MARY POPPINS

A delightful excursion into a timelessly magical world, eminently suitable for reading alone or aloud.

A handsomely produced gift edition of the 1934 classic, undoubtedly timed to capitalize on the release of the upcoming film sequel, Mary Poppins Returns, in December 2018.

The text, including the later version of the “Bad Tuesday” chapter that Travers rewrote to remove its racial and cultural stereotypes, is laid out in well-leaded lines with spacious margins on smooth, slightly creamy paper. First seen through an oval window cut into the front cover, Mary Poppins is properly cast as a stern, erect figure with (as the narrative has it) “small, rather peering blue eyes” when she is on the job—and the very picture of charming vivacity on her magical “Day Out” with the Match-Man. In Sardá’s stylized scenes other figures are more broadly drawn: Michael as a chubby, rather spoiled-looking brat; Jane as a buttoned-up sort; the rest of the all-white human cast as sharp-featured caricatures. In between the spare array of larger illustrations, sprays of stars and flowers or images of a compass, a purse, or some other iconic item add well-placed notes of color. As they have for generations, readers will be sorry to see Mary Poppins flying off when the wind changes at last but heartened by both her promising “Au revoir” and the fact that the final chapter (like most of the previous ones) ends with an ellipsis….

A delightful excursion into a timelessly magical world, eminently suitable for reading alone or aloud. (Fantasy. 7-10)

Pub Date: Oct. 23, 2018

ISBN: 978-1-328-49884-7

Page Count: 248

Publisher: HMH Books

Review Posted Online: Sept. 16, 2018

Kirkus Reviews Issue: Oct. 1, 2018

RAFI AND ROSI MUSIC!

From the Rafi and Rosi series

A welcome, well-researched reflection of cultural pride in the early-reader landscape.

The fourth installment in Delacre’s early-reader series centers on the rich musical traditions of Puerto Rico, once again featuring sibling tree frogs Rafi and Rosi Coquí.

Readers learn along with Rafi and Rosi as they explore bomba, plena, and salsa in three chapters. A glossary at the beginning sets readers up well to understand the Spanish vocabulary, including accurate phoneticization for non-Spanish speakers. The stories focus on Rafi and Rosi’s relationship within a musical context. For example, in one chapter Rafi finds out that he attracts a larger audience playing his homemade güiro with Rosi’s help even though he initially excluded her: “Big brothers only.” Even when he makes mistakes, as the older brother, Rafi consoles Rosi when she is embarrassed or angry at him. In each instance, their shared joy for music and dance ultimately shines through any upsets—a valuable reflection of unity. Informational backmatter and author’s sources are extensive. Undoubtedly these will help teachers, librarians, and parents to develop Puerto Rican cultural programs, curriculum, or home activities to extend young readers’ learning. The inclusion of instructions to make one’s own homemade güiro is a thoughtful addition. The Spanish translation, also by Delacre and published simultaneously, will require a more advanced reader than the English one to recognize and comprehend contractions (“pa’bajo-pa-pa’rriba”) and relatively sophisticated vocabulary.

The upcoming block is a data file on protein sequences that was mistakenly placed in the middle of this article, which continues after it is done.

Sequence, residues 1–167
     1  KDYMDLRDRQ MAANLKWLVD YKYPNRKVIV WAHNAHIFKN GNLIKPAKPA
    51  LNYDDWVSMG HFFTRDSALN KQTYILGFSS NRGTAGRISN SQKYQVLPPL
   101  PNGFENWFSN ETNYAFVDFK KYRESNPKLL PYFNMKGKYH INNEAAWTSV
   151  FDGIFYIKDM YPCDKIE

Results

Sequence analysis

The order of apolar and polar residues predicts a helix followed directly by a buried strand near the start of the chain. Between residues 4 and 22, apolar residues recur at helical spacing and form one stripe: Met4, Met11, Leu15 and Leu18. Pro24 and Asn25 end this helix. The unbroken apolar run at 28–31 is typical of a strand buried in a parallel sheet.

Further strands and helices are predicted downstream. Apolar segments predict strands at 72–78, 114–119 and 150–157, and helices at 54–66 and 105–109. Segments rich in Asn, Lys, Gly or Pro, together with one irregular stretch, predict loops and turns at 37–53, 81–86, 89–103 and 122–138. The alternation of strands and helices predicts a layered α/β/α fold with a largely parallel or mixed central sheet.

A welcome, well-researched reflection of cultural pride in the early-reader landscape. (Early reader. 7-9)

Pub Date: Sept. 17, 2019

ISBN: 978-0-89239-429-6

Page Count: 64

Publisher: Children's Book Press

Review Posted Online: July 27, 2019

Kirkus Reviews Issue: Aug. 15, 2019

THE MYSTERIOUS MESSENGER

An effort as insubstantial as any spirit.

Eleven-year-old Maria Russo helps her charlatan mother hoodwink customers, but Maria has a spirited secret.

Maria’s mother, the psychic Madame Destine, cons widows out of their valuables with the assistance of their apartment building’s super, Mr. Fox. Madame Destine home-schools Maria, and because Destine is afraid of unwanted attention, she forbids Maria from talking to others. Maria is allowed to go to the library, where new librarian Ms. Madigan takes an interest in Maria that may cause her trouble. Meanwhile, Sebastian, Maria’s new upstairs neighbor, would like to be friends. All this interaction makes it hard for Maria to keep her secret: that she is visited by Edward, a spirit who tells her the actual secrets of Madame Destine’s clients via spirit writing. When Edward urges Maria to help Mrs. Fisher, Madame Destine’s most recent mark, Maria must overcome her shyness and her fear of her mother—helping Mrs. Fisher may be the key to the mysterious past Maria uncovers and a brighter future. Alas, picture-book–creator Ford’s middle-grade debut is a muddled, melodramatic mystery with something of an everything-but-the-kitchen-sink feel: In addition to the premise, there’s a tragically dead father, a mysterious family tree, and the Beat poets. Sluggish pacing; stilted, unrealistic dialogue; cartoonishly stock characters; and unattractive, flat illustrations make this one to miss. Maria and Sebastian are both depicted with brown skin, hers lighter than his; the other principals appear to be white.

An effort as insubstantial as any spirit. (author’s note) (Paranormal mystery. 7-10)

Pub Date: July 21, 2020

ISBN: 978-1-250-20567-4

Page Count: 320

Publisher: Christy Ottaviano/Henry Holt

Review Posted Online: March 28, 2020

Kirkus Reviews Issue: April 15, 2020

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